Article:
## Identity type

### Type

In the following I write “$\dots$” for some formal necessary context declarations, but which don't help understanding the rules.

##### Type introduction rule
 ${\large\frac{\dots\ \vdash\ A\,:\,\mathrm{Type}}{x,y\,:\,A\ \vdash\ Id_A(x,y)\,:\,\mathrm{Type}}}$

Under Curry-Howard we understand $Id_A(x,y)$ as the proposition $x=y$.

##### Term introduction rule
 ${\large\frac{\dots\ \vdash\ \dots}{\dots\ \vdash\ refl_x\,:\,Id_A(x,x)}}$

That's the reflexivity postulate $x=x$.

##### Term elimination
 ${\large\frac{\dots,\,p\,:\,Id_A(x,y)\ \vdash\ Q(x,y,p)\,:\,\mathrm{Type}\hspace{.5cm}\dots\ \vdash\ t\,:\,Q(x,x,refl_x)}{\dots\ \vdash\ J(t,x,y,p)\,:\,Q(x,y,p)}}$

This means that if we know that $x=y$, then if $Q(x,x)$ is true, then so must be $Q(x,y)$.

##### Computational rule
 $J(t,x,x,refl_x):=t$
##### Interpretation

The terms of this type behave like paths between the terms $x,y$. Under the propositions as type paradigm, these can be considered proofs of equality of $x$ and $y$.

The path object interpretation “$A^I$” (in quotes because there need to be no interval and this isn't an exponential object) is suitable in intensional type theory, where there might be many terms of $Id_A$. In an extensional theory (or when one deals with mere proposition) where only yes/no counts, $Id_U$ has the semantics of the diagonal relation $\Delta_A$ on $A\times A$

##### Notation

One might denote the identity type by $Path_A(x,y)$ or $x=_Ay$. If the context is given, then one might write $x=y$.

##### Example

For example, since $+:{\mathbb N}\to{\mathbb N}\to{\mathbb N}$ we might ask if the types

$2+2=_{\mathbb N}5$

or

$2+3=_{\mathbb N}5$

are inhabited.

##### Rules
• For all terms $x:A$, we have a term $refl_x:Id_A(x,x)$
• $p:Id_A(x,y)$ means there is also a $p^{-1}:Id_A(y,x)$
• $p:Id_A(x,y)$ and $q:Id_A(y,z)$ means there is also a $q\circ p:Id_A(x,z)$.

Defining hom-classes $A[x,y]:=Id_A(x,y)$ makes a type $A$ into a groupoid (a category with all arrows invertible). In fact it's an $\infty$-groupoid since if $q,p:Id_A(x,y)$, then $Id_{Id_A(x,y)}(p,q)$ is a type too.

### On AoC

In this wiki I use

 $\equiv$ … intensional equality (definitions)

$myPair\equiv\langle 3,4\rangle$

 $:=$ … intensional equality for functional objects (function definitions)

$\pi_1(\langle a,b\rangle):=a$

$f(x):=x+10$

 $=$ … propositional equality (derived or postulated statements)

$f(\pi_1(\langle 3,4\rangle))=13$

 $=_A$ … identity type (propositional equality in the object language)
 $\cong$ … isomorphism
 $\simeq$ … equivalence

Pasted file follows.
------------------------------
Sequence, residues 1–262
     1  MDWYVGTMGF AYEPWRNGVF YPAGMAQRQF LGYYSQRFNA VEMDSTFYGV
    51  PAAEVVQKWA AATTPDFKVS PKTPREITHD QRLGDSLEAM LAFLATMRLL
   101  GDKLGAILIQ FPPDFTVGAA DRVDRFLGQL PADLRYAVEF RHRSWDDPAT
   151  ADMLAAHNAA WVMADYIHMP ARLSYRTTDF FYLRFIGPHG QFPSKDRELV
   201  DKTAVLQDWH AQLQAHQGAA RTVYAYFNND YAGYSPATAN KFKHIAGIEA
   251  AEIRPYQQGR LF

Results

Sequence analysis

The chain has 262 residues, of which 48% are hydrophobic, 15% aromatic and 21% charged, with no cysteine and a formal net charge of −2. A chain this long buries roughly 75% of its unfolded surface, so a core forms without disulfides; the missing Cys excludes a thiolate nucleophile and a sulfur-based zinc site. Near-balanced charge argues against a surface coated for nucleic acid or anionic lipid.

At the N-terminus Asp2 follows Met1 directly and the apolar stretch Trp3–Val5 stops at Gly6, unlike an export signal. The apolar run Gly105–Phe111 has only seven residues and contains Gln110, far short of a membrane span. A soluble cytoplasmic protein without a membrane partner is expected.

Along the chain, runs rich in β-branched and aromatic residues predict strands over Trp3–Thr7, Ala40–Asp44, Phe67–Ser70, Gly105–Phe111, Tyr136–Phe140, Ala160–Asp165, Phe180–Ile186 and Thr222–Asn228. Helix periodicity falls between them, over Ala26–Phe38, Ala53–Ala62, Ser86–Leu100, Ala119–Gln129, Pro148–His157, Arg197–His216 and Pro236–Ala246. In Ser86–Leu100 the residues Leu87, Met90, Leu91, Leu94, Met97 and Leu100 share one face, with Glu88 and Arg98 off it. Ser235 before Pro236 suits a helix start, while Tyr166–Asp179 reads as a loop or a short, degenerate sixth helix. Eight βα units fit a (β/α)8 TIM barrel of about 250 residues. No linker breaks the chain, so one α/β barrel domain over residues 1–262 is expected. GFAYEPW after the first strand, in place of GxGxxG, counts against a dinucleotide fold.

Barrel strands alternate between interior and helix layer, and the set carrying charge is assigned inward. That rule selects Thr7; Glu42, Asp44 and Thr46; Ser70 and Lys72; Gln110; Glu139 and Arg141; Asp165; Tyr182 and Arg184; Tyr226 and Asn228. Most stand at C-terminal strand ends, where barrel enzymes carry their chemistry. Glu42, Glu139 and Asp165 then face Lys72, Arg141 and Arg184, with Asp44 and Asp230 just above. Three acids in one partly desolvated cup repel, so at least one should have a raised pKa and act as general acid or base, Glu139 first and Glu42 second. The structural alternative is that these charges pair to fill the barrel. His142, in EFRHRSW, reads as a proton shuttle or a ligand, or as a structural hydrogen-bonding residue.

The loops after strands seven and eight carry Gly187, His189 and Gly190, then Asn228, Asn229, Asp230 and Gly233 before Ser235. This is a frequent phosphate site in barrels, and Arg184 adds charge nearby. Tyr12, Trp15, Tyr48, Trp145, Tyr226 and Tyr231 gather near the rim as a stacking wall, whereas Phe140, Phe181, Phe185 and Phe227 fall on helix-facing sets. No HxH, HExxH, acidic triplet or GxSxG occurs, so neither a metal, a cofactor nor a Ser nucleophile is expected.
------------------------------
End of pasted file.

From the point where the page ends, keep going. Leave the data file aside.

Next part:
### Intension, extension

#### The concept

There is a correspondence between a predicate $P$ over a class of objects and it's extension $\{x\ |\ P(x)\}$. The latter is the collection of objects it describes.

The predicates “$x$ is a natural number bigger than $1$ and smaller than $4$” and “$x$ is one of the first two prime numbers” have the same extension. The precise way of how a predicate is formulated is its intension.

We see that intensionally different definition can have the same extension.

##### Canonical form, canonicity of formal systenms)

We have $2(12+15)=2*3*4+2*3*5=3(8+10)$, and while $2(12+15)\mapsto 24+30$ and $3(8+10)\mapsto 24+30$ feel like natural reductions, $2(12+15)\mapsto 3(8+10)$ feels random. That is to say, there is a sort of computational direction that comes with a formulized evaluation.

nLab: canonical form

#### In theories

Now different frameworks have differnt capabilities of formally recognizing intension/extension. Without any context, let's write

$f:{\mathbb N}\to{\mathbb N}$

$f(n):=2\cdot(n+5)$

$g:{\mathbb N}\to{\mathbb N}$

$g(n):=2\cdot n+10$

This is supposed to be the definition of two functions $f$ and $g$ and they are a apriori intensionally different. (A more irl example would be two sorting algorithms, one efficiently, and one coded up so badly that it takes exponential time to compute.)

Now if the derivation rules of a theory are set up to realize function extensionality, then this means the only way to see equality of two functions is by application of argument. In this case we'd be able to show $\forall n.\,f(n)=g(n)$ and deriv $f=g$.

If the theory “is able to look at the code” then we'd be able see that they have different intension, while having the same extension. “Not seeing intension” is often good for doing mathematics, but not for studying how-properties in computer science.

### Parents